Friday, May 11, 2012
Rising Arizona star Bernie Montoya "toughened" by the desert heat
By Doug Binder
Bernie Montoya (Ieft) leapt into everyone's national radar with his 8:48.25 for second at the Arcadia 3200.
ARIZONA STATE MEET It was 100 degrees in Yuma, Ariz. on Thursday, where Cibola High junior Bernie Montoya was preparing for the Arizona state championships this weekend.
On Friday, he’ll run in the 1,600 and 800 at Mesa Community College. On Saturday, he has a leg on the 4x800 relay, and finally, the 3,200 meters.
This spring, Montoya has emerged as one of the standout members of a junior class of distance runners that includes Edward Cheserek, Jake Leingang, Jacob Burcham and Andrew Gardner.
A month after taking the lead on the last lap and finishing second in the blockbuster Arcadia 3,200 meters, in an Arizona record 8:48.25, Montoya is still coming to grips with his sudden rise to the prep distance ultra-elite.
“Honestly, I never thought I’d be at this level,” he said.
At Arcadia, he went to the starting line unsure whether he could break nine minutes.
“I was just hoping to survive,” Montoya said. “It gives me goose bumps and chills just thinking about (what happened). To challenge Futsum (Zeinasellassie), I didn’t think I’d be a contender for the gold. But with two laps left I thought, ‘I’ve gone this far. No reason to quit now. Why not go for it?’”
Montoya has the U.S. lead in the 3,000 meters, 8:18.81, because he was leading the race when the runners hit that point and timed en route to the finish line.
Since then, he has run 4:07.72 in the 1,600 meters and 1:53.22 in the 800.
In 2011, Montoya made news in Arizona when he won the 1,600 at the state championships despite losing his shoe midway through the race. He ran 4:12.01, crossing the finish line and then limping off the track because of torn skin on the bottom of his foot.
He didn’t race again on the track last spring, though Arizona’s state meet is in mid-May.
“The reality is, we saw it coming,” Cibola coach Kris Norton said of Montoya’s improvement. “His sophomore year, at a dual meet, he ran 9:22 goofing around and smiling. There was no way he couldn’t have run nine flat, but he only had one good chance with Billy Orman. But that state race got tactical. They were running together and came through the mile in 4:50.”
So Norton said he was thinking 8:55 at Arcadia – great, but not the eye-popping 8:48 that broke Orman’s state record.
But the most noticeable change in Montoya might be his physique. He came out of his sophomore year looking like a high school kid. He emerged from Yuma’s furnace of a summer this past September with a physique more typical of a college runner. That led to a fall campaign that included a state title and, eventually, a 12th-place finish at Nike Cross Nationals. But it seems the fruition of that summer work has truly come this spring on the flat, fast ovals of California and Arizona.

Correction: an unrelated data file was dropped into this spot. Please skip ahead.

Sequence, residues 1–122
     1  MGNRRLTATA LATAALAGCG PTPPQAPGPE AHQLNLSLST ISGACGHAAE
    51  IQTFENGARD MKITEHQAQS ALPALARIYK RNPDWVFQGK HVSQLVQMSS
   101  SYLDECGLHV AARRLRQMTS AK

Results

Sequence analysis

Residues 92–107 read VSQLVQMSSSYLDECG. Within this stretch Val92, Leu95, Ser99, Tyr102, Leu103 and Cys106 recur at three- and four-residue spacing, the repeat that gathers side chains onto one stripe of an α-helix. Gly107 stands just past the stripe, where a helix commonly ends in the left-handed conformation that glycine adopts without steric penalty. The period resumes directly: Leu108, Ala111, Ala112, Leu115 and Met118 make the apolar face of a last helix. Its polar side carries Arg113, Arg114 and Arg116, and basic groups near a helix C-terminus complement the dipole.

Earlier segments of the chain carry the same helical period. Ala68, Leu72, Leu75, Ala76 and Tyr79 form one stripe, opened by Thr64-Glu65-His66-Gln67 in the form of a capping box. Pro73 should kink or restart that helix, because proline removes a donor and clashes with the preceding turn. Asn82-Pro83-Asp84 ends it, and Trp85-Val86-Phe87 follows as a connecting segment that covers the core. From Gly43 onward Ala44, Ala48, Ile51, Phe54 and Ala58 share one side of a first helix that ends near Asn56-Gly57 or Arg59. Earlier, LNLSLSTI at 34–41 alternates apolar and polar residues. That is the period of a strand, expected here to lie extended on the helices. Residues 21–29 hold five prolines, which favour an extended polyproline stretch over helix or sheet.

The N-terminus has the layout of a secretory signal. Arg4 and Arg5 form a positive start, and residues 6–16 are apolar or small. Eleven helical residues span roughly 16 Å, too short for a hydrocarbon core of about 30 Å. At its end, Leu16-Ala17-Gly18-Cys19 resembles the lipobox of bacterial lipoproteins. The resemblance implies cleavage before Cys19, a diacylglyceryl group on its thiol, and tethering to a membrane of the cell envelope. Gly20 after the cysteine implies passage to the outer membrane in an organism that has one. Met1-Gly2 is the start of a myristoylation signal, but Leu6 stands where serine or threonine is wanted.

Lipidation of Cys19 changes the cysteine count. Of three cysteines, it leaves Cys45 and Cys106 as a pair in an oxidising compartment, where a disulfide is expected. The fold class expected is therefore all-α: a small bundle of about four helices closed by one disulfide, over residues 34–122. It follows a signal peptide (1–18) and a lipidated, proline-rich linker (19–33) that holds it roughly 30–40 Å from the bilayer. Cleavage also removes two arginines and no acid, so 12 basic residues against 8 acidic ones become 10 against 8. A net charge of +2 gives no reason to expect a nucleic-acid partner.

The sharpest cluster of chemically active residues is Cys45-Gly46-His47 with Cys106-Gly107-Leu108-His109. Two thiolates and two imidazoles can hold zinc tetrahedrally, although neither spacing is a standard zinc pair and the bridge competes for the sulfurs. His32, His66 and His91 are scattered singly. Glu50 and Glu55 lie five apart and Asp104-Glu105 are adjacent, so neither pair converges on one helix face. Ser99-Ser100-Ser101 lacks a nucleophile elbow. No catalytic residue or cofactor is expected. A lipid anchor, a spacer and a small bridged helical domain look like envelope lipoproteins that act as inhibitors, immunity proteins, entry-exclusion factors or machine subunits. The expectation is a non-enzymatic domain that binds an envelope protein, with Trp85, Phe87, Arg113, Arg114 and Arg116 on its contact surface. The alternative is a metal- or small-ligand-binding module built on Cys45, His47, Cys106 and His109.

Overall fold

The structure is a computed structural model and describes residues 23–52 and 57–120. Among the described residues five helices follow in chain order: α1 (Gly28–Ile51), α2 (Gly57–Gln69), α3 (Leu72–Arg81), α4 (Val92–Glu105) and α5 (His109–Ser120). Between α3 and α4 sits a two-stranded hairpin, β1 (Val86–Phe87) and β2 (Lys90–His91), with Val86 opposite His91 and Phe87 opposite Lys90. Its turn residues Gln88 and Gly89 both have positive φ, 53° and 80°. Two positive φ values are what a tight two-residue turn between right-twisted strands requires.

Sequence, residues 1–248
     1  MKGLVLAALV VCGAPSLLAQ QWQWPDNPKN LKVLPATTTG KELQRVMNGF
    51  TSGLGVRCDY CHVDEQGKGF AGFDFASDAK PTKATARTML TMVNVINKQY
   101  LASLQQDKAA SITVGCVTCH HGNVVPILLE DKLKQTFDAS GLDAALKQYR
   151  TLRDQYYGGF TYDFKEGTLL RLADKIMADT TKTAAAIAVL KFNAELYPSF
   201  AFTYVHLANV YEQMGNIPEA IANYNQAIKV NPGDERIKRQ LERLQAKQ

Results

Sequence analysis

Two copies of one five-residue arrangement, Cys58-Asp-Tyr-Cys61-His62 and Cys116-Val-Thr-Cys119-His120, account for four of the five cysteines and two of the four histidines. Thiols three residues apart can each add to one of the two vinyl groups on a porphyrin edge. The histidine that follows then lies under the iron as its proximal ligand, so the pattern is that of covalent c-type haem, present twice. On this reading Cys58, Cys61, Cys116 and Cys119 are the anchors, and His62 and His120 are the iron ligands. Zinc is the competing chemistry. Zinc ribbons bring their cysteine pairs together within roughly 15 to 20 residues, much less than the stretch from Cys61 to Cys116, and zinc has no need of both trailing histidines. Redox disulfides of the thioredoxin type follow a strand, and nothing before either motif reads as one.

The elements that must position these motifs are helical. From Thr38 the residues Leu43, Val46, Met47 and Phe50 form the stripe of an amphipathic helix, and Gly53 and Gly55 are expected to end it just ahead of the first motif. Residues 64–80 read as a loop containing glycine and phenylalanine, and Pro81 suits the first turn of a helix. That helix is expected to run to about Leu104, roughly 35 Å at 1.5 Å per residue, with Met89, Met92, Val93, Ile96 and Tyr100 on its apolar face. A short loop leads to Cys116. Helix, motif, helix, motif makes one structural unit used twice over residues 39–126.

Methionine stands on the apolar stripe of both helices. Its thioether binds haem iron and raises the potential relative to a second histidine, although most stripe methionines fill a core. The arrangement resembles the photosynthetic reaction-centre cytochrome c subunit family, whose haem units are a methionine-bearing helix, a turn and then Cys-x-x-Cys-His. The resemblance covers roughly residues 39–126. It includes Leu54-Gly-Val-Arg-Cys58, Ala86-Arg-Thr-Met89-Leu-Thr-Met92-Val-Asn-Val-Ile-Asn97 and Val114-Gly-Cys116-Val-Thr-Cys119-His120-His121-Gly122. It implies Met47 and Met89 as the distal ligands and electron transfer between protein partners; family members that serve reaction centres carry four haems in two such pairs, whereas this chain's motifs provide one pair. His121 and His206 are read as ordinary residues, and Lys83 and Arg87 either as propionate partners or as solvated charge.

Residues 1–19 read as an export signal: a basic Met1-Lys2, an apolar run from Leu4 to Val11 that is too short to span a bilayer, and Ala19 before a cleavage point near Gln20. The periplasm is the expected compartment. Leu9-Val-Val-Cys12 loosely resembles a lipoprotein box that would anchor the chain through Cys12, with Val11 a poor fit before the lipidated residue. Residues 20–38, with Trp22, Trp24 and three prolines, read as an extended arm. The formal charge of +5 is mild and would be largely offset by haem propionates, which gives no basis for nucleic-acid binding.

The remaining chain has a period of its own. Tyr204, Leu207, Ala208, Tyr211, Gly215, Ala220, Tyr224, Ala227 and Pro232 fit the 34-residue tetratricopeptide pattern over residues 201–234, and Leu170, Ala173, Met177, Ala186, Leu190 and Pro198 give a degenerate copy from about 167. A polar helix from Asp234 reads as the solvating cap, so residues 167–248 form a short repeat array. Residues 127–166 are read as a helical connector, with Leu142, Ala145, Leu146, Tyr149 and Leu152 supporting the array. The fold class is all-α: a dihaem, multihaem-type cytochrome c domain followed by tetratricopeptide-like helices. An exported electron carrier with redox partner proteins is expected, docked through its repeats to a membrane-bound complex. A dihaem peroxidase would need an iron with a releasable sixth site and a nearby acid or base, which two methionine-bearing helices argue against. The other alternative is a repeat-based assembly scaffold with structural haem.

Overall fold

“I think it’s just more experience,” Montoya said. “My sophomore year, I was barely entering the sport. With a year of solid summer training and winter training, and resistance training that I’ve done, it defined and toned the body.”
Montoya was already blessed with impeccable running form. With a bigger base, natural maturation and repeated exposure to Yuma’s tough running conditions, he has moved to the forefront.
Over the summer, Montoya trained with Norton and his college-aged son, Ryan, on the flat paths that follow the Colorado River and assorted canals.
They would rise at 4:30 or 5 a.m. to get up and go run 10-12 miles early in the morning when the temperatures were still cool. Norton and three other coaches were in charge of transporting water to them at checkpoints on the route.
“We just need to be careful with training because the heat is really dangerous,” Montoya said. “It could toughen you up a little bit.”
In July, the average daily high temperature in Yuma is 107 degrees; in August, it’s 106 but there is more humidity.
Montoya also has easy access to sand dunes, which he runs in early in the season for a challenging leg-strengthening workout.
“It’s mostly very dry and scorching hot,” he said. “I’ve always been able to manage (the heat). You learn to adapt here. You have to drink a lot of water and stay out of the sun. For training, we find a way around (the challenges) and get our workouts in.”
After this weekend, Montoya will begin to focus on the Dream Mile at the Adidas Grand Prix. Beyond that, the schedule is still up in the air. He has also been invited to the Nike Elite Camp in July.
Norton and Montoya are still getting used to the opportunities that come from being a national caliber elite.
“It’s a little strange,” Norton said. “You’ve been doing the coaching, and doing all the training, and then you get a kid like this. You want to make sure you are doing everything you can for the kid to make sure he fulfills his potential. That’s the main thing, taking little extra steps to challenge a kid at this level.”